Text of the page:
There are some things we all know we should be doing, but common knowledge isn’t always common practice. Eating more vegetables is one of those things most people struggle with. In fact, according to the Center for Disease Control (CDC), only 1 in 10 adults get enough fruits or vegetables. With statistics like this, it comes as no surprise that many chronic health conditions are on the rise, especially in young children who are growing up eating so differently from our ancestors.
Even if you are making an effort to get more vegetables in, chances are you’re still not getting enough, you’re consuming vegetables with low vitamin and mineral content from growing in nutrient depleted soil, or you’re consuming the same 3 or 4 vegetables over and over and ignoring some of the most nutritious ones that can make a real difference in your health.
Why are vegetables so important?
There are 3 main reasons vegetables are important for optimal health.
One is the amount of vitamins and minerals they contain. Vitamins and minerals are critical cofactors to many of our enzymatic processes in the body. Without them, our body isn’t able to function effectively and over time we will start to experience symptoms from nutrient deficiencies. Add stress into the mix and we burn through our nutrient reserves even more quickly. Feeling exhausted all the time? B vitamins are required to turn the food you consume into energy. The more active you are and the more stressed you are, the more B vitamins your body requires.
Vegetables are a great source of fiber. Fiber is the indigestible part of plants that helps to maintain the plant's structure. It comes in 3 forms—insoluble, soluble, and resistant starch. Fiber bulks up your stool to help protect against diarrhea and constipation, soaks up waste and toxins which cleanses your digestive tract, helps you feel full to control your appetite, and provides food for the beneficial bacteria in the gut.
Vegetables are full of phytonutrients, which is a broad term that includes antioxidants, carotenoids, flavonoids, polyphenols and many other compounds that are beneficial for our health and help prevent disease. They give plants their colours and are the reason nutritionists recommend eating as many different coloured vegetables as you can. The more colours you consume, the wider the variety of nutrients you will receive.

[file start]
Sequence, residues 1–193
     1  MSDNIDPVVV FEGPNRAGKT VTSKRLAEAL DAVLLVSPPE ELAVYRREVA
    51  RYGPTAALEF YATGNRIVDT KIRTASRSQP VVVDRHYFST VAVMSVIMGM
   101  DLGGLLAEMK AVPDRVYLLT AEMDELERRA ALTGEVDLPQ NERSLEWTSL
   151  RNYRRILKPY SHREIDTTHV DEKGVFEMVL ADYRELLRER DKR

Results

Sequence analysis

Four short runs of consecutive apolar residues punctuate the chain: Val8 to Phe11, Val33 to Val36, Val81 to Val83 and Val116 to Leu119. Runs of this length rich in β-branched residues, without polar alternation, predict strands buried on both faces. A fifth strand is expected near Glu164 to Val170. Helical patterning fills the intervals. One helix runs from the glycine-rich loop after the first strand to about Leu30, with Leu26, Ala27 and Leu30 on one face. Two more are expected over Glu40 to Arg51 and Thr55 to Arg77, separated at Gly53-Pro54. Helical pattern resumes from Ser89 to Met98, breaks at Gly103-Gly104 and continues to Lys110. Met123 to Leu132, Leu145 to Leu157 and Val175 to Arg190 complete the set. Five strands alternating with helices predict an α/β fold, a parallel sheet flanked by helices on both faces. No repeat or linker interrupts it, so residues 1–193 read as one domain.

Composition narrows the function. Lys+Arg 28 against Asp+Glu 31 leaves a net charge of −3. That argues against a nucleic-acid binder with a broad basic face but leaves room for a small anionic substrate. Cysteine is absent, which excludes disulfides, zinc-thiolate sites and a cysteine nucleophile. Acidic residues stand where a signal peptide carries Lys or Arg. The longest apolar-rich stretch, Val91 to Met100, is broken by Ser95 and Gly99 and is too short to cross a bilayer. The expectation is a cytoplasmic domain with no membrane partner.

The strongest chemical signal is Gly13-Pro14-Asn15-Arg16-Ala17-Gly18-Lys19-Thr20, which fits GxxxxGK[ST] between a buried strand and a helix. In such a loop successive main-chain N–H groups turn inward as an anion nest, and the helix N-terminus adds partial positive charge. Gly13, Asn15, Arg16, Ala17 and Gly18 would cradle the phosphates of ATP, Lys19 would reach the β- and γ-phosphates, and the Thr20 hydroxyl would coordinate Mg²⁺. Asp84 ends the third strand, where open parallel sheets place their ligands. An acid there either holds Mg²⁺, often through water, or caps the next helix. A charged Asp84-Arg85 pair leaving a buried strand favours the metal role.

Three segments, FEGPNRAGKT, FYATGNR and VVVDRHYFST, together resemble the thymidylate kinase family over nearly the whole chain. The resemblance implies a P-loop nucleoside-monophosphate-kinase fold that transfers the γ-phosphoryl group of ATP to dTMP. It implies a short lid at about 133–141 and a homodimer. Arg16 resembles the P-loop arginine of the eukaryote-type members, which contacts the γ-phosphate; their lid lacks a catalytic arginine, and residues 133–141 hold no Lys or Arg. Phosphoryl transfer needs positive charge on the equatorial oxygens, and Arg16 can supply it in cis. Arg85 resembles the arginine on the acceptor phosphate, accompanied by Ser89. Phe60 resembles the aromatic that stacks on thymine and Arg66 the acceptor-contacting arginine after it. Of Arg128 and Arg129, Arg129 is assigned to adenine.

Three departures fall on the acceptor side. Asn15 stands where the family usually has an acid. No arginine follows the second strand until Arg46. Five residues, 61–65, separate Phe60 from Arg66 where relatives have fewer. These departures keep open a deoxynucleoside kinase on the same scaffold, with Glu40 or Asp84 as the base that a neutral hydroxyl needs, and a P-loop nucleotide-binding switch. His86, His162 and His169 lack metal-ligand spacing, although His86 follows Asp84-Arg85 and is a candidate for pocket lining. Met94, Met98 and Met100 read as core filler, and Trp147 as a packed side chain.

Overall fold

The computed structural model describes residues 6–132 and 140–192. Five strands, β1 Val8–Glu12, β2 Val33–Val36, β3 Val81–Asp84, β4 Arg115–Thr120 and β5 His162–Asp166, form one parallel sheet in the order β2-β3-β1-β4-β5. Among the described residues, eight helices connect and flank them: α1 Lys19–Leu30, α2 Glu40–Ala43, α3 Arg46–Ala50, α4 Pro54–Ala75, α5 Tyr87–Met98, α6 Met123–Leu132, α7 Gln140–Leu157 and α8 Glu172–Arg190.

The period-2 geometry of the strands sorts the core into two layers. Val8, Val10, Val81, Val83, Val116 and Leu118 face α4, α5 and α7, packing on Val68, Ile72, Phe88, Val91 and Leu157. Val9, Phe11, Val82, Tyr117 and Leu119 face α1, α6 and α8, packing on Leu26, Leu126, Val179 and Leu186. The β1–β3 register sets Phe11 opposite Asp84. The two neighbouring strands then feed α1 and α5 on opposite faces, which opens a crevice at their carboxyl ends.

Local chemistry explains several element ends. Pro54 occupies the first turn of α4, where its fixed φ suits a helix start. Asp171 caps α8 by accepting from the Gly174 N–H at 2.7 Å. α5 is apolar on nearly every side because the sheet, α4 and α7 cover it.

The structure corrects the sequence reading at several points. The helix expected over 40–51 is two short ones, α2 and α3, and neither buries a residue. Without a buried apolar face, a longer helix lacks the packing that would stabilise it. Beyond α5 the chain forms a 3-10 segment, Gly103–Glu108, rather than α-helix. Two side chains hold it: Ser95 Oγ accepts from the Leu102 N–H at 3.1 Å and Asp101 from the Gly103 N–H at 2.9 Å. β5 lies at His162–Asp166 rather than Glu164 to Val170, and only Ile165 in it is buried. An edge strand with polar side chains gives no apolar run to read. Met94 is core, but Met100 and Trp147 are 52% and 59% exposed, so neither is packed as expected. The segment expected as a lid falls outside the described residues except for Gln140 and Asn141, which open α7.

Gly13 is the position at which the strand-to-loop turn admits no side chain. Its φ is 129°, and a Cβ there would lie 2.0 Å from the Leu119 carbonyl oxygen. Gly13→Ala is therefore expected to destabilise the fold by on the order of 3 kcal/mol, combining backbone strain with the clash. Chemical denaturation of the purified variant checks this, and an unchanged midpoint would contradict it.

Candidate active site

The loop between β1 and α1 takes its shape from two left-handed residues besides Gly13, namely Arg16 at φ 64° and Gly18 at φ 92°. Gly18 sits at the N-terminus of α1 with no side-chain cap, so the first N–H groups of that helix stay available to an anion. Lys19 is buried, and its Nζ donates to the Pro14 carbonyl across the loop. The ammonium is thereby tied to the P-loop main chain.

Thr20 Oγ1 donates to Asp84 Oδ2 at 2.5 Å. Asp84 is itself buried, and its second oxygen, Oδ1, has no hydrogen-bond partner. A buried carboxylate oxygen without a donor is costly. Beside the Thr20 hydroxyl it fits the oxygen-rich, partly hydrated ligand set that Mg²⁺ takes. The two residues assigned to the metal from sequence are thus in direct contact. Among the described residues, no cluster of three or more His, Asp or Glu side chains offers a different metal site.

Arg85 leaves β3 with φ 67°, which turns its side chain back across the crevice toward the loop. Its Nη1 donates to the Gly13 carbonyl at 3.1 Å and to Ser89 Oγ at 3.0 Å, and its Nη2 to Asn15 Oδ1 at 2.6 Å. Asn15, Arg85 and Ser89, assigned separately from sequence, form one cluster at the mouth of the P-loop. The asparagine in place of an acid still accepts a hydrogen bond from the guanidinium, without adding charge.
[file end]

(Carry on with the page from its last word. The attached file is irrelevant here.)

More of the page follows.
Take a moment to answer this question. In a modern society of fancy coffees and pre-packaged snack foods, when was the last time you got five or more cups of vegetables in consistently? Nutrient poor iceburg lettuce doesn’t count!
So how do we start getting in more nutrient-dense vegetables?
9 Ways To Eat More Vegetables
1. Blend them into smoothies. If you already make smoothies but they are heavy on the fruit and protein, add a cup of fresh or frozen greens to the blender. Depending on how you flavour your smoothie, you won’t taste the greens at all. *Pro-tip: Spinach is best to consume steamed rather than raw due to it’s high oxalate content. Steam a big batch of spinach, rinse with cold water, then squeeze into small balls and place in a container or ice cube tray in the freezer. Frozen spinach balls are quick and easy to pop into your smoothies.
2. Swap grains with vegetables. Most of us consume way too many carbohydrate rich foods and it can contribute to difficulty losing weight. Grain-based foods can easily be replaced with vegetables. Use lettuce wraps in place of bread for sandwiches. Make spaghetti squash in place of pasta (shredding it with a fork makes noodles). Cauliflower can be steamed to make faux mashed potatoes, or put in a food processor or blender to make rice or flour for pizza crusts.
3. Add them to your favourite meat dishes. If you’re making a stew or sauce, add extra chopped vegetables to the pot. You don’t have to stick with the 1 or 2 vegetables listed in the recipe! If you’re making a meatloaf, vegetables can be easily baked in.
4. Make veggie dips. Try making a hummus with beets, zucchini, carrots, peppers, or cauliflower to double up on your veggies!
5. Make stuffed vegetables. Already have some cooked meat? Hollow out some bell peppers or squash, stuff them with protein, and bake in the oven.
6. Have a meatless day once per week. Going one day per week without meat will make you automatically increase your veggie consumption to compensate.
7. Join a CSA. Joining a CSA (Community Supported Agriculture) will introduce you to new vegetables you haven’t heard of or tasted before. It will also keep you rotating your vegetables and eating with the seasons. I find it saves me money on my grocery bill as well!
8. Make veggie chips. Dice up root vegetables, drizzle with avocado oil, and sprinkle with himalayan salt and your favourite herbs or spices. Bake or dehydrate to your liking. Adding different herbs and spices to plain vegetables is an easy way to change up the flavour and bring some variety to your meals.
9. Use a greens powder. When you don’t have time to spend in the kitchen, you can supplement with a greens powder. A good quality greens powder will contain a wide range of fruits and veggies that have been dried and crushed into a powder. I like to use a greens formula when I travel and am not able to eat how I usually do at home. However, keep in mind that supplements are meant to compliment and enhance a healthy diet, not replace it. You can find the greens formula I use here.
Now I’d love to hear from you. How are you going to try incorporating more vegetables into your diet? Share and let me know!